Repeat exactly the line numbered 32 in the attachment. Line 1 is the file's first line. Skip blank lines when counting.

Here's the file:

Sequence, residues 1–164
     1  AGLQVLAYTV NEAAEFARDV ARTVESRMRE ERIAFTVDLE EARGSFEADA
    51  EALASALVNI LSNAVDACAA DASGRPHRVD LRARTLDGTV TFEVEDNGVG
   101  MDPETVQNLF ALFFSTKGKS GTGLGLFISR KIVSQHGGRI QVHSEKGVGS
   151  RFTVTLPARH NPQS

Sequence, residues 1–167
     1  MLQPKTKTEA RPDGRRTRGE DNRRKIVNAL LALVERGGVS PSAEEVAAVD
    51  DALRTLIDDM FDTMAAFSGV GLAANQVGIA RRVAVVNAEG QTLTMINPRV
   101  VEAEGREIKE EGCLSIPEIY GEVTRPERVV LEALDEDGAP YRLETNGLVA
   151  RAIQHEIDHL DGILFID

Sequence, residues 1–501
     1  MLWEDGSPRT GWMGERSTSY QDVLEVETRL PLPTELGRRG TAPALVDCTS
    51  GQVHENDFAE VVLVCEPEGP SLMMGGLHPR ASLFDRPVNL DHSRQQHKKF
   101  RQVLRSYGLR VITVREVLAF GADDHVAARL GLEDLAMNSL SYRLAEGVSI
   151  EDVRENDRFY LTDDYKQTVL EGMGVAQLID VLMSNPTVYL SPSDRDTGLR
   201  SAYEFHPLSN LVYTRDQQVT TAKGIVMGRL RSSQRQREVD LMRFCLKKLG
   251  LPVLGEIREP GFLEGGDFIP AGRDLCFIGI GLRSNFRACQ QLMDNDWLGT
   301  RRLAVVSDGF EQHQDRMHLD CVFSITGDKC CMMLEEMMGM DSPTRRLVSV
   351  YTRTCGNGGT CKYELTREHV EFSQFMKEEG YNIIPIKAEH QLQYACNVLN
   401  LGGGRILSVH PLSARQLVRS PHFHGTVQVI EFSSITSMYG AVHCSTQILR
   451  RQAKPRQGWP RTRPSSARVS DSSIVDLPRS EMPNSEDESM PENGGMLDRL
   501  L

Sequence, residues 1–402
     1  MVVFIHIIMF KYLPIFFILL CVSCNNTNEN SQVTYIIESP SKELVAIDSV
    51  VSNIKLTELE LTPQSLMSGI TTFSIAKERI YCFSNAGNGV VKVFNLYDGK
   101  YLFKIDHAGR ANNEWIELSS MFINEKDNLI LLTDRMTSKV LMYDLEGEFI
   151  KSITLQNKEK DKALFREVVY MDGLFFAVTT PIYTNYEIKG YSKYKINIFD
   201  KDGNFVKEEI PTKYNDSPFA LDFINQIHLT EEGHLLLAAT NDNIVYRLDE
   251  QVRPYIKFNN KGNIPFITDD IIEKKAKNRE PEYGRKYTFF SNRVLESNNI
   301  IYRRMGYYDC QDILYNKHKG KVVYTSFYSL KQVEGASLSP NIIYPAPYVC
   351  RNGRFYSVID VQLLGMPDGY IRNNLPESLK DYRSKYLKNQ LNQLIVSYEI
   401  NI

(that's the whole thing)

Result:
   401  NI